South Asia had its fingers crossed as it waited to hear the new US administrationâ€™s policy on the region, which usually revolves around the never-ending dilemma that is Afghanistan. However, once it was finally announced on August 21, the much-anticipated policy had nothing new in it; more troops were to be inserted in Afghanistan and IndiaÂ was asked to play anÂ overt role, whichÂ itÂ alreadyÂ was doing.
Pakistan has always been asked to do more, but this time it was said in a sterner voice byÂ President Donald Trump. The major question that arises isÂ whether the policy is based on some logic or is justÂ moreÂ face-saving rhetoric with more focusÂ on Pakistan, instead of accepting thatÂ the United States is atÂ the losing end of the 16-year crisis. Trumpâ€™s August speech on Afghanistan was not noteworthy for new ideas, as there was not much new to be found; instead, it was keen to hit the tired old themes,Â with no more than a facelift.
The US has always tried to shift blame toward Pakistan, but this timeÂ it was more open about it.Â However, it should realize that it is timeÂ to get some sense and logic and stop scapegoating Islamabad. Pakistan, a major non-NATO ally and a frontline country inÂ Americaâ€™sÂ â€œwar on terrorismâ€, is once again faced withÂ the â€œdo moreâ€ slogan.
It can be seen that the military efforts against the Taliban have failed to achieve the desired results, as the situation on the groundÂ favors them. The Taliban feel that they are winning, and in this case it is difficult for Pakistan to help.Â All IslamabadÂ canÂ do is help bring them to the table for talks.
After it agreed to support US efforts in the wake of the terror attacks of September 11, 2001, IslamabadÂ has categorically said time and againÂ it does not want the war to be fought in Pakistan.Â It has faced consequences of the war as predicted. NowÂ it has cleared its frontiersÂ of terrorists with strong efforts likeÂ Operation Zarb-e-Azb, followed byÂ Operation Radd-ul-Fasaad. Pakistan does not want its territory to be infiltrated by terrorists again,Â so border managementÂ has been initiated.
Pakistan is indeed sincereÂ about bringing peace to the region asÂ it has initiatedÂ fencingÂ alongÂ its borderÂ with Afghanistan. This also proves that Pakistan does not want to provide safe havensÂ for terrorists and does not want infiltrationÂ of its territory.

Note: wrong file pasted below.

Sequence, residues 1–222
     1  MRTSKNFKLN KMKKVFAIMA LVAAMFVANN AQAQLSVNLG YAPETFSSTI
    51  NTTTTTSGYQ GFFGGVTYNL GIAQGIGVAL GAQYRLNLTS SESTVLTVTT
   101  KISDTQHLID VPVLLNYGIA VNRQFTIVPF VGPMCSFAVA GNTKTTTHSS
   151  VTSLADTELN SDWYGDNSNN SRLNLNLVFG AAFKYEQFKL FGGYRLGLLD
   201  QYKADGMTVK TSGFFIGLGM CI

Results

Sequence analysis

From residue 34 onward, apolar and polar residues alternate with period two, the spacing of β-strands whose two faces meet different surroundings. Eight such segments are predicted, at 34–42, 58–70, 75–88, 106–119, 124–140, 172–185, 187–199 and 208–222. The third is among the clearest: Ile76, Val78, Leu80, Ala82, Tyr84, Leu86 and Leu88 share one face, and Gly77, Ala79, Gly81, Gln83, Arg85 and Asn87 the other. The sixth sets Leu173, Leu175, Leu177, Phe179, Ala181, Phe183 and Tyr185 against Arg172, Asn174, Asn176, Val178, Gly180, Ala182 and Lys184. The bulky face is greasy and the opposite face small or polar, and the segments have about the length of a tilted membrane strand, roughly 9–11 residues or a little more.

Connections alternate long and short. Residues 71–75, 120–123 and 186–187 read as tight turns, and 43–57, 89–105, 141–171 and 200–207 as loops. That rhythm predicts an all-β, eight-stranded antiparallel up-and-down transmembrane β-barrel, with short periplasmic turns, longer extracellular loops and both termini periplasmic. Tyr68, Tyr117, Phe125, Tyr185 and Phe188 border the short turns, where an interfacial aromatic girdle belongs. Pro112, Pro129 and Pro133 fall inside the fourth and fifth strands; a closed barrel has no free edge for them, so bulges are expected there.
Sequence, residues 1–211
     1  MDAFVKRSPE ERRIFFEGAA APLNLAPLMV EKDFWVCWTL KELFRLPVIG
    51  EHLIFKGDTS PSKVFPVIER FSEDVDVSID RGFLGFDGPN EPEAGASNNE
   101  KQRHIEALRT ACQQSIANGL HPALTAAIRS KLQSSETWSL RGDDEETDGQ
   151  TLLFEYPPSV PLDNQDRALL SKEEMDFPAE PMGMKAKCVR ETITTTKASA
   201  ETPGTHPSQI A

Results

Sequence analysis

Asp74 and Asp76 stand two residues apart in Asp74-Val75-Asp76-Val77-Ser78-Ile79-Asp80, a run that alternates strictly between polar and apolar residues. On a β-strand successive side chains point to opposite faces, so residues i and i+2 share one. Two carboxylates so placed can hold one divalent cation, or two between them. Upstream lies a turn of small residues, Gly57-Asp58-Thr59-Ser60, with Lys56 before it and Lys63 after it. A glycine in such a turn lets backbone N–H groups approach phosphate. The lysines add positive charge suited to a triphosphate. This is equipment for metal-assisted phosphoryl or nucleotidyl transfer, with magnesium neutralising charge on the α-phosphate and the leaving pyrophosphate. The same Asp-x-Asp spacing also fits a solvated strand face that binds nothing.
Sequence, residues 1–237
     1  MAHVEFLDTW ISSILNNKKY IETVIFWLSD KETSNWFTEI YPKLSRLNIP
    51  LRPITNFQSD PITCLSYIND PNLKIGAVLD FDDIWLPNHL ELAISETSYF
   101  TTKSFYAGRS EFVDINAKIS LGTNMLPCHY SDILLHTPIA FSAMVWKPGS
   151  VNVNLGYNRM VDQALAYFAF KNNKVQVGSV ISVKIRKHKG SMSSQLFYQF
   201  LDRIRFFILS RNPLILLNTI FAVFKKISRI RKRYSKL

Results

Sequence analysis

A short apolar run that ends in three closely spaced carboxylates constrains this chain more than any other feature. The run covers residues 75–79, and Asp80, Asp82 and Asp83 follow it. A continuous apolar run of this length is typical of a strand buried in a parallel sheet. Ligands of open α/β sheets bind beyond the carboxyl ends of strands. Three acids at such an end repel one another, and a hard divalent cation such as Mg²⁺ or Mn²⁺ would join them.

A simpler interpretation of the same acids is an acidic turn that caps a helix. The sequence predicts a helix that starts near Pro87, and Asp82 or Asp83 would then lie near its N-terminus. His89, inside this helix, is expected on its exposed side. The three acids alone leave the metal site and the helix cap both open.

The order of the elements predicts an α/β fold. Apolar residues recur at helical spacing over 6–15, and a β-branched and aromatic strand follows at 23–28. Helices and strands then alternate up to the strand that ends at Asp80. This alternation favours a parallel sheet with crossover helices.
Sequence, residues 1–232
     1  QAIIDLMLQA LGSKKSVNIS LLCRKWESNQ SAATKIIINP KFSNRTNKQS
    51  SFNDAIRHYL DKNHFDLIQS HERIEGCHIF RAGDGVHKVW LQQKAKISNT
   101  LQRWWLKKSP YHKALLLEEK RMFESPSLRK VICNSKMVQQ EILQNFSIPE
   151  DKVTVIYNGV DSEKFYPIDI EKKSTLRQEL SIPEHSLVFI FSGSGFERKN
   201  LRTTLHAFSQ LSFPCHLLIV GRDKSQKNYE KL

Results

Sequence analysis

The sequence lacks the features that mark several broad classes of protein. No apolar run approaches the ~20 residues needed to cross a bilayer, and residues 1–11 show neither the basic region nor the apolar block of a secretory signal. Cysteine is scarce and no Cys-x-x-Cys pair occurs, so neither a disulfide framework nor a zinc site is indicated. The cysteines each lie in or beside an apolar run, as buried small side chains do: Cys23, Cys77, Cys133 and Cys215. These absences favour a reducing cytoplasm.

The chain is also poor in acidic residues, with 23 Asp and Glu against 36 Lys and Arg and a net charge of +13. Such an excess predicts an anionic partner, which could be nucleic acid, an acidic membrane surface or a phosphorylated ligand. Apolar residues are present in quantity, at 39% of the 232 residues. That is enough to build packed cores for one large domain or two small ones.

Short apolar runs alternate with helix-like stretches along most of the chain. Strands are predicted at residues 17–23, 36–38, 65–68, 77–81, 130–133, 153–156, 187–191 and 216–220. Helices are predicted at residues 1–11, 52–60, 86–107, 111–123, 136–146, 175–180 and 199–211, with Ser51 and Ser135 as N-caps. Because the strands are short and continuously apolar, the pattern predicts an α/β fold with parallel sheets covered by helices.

On the other hand, Afghanistan has opposed the fencingÂ initiative and more checks along the border,Â which clearly shows who is at the fault. If the fencing is done and more checkpoints are built, this will easily end the blame game. So if the US is honestÂ about bringing peace and stabilityÂ to the region as a whole and Afghanistan in particular,Â it should support the border management initiated by Pakistan.
Pakistan has always facilitated the peace process but it has been sabotaged by some external forces.Â It is essential to bring to notice that each time developments are made toward peace, the process gets jeopardized. Noah CoburnÂ has pointed out in his bookÂ Losing AfghanistanÂ that â€œthere are individuals and groups who have benefited (financially as well as politically) from the US intervention. These beneficiaries will continue to use and justify violence to maintain their positions.â€
Maybe the US does not want the war to end, as leaving Afghanistan would mean that the Americans are giving up their presence and interests in South Asia and giving China an open space in which to play. India has been used as an American proxy, but with China coming out as a strong leader in Asia, it is not in the interests of the US to give upÂ itsÂ field of influence in South Asia. Furthermore,Â after its failure in Iraq, the US does not want to face the same humiliation again.
A political solution is the onlyÂ way to end the Afghan crisis, as bringing troops in and out has so far achieved nothing. TheÂ US knows that it cannot win this battle, but to ensureÂ its presenceÂ it keeps changingÂ its policies here and there while scapegoating Pakistan.
In spite of Islamabadâ€™s efforts, the USÂ continues to blame Pakistan andÂ hold impractical expectationsÂ for Pakistanâ€™s role. But accusing Pakistan will certainly not achieve the desired results. The US must understand that Pakistanâ€™s role is limited to supporting the peace process; reaching out and reconciling with the Taliban is a matter of Afghan and US prerogative and consensus.
Afghanistan is an unending impasse with global actors unwilling to give up their roles therein. Neither element of the US dual policy of negotiationsÂ and military operations against the Taliban has worked.
In 2014Â the US declared withdrawal of its combat mission and slowly phasing outÂ its military operations inÂ Afghanistan.Â It was often quoted as an endgame,Â butÂ once again the US has ordered in more troops. The policy makes no sense.Â The US needs to focusÂ seriouslyÂ on diplomacy involving regional players such as Pakistan, Iran, China and Russia.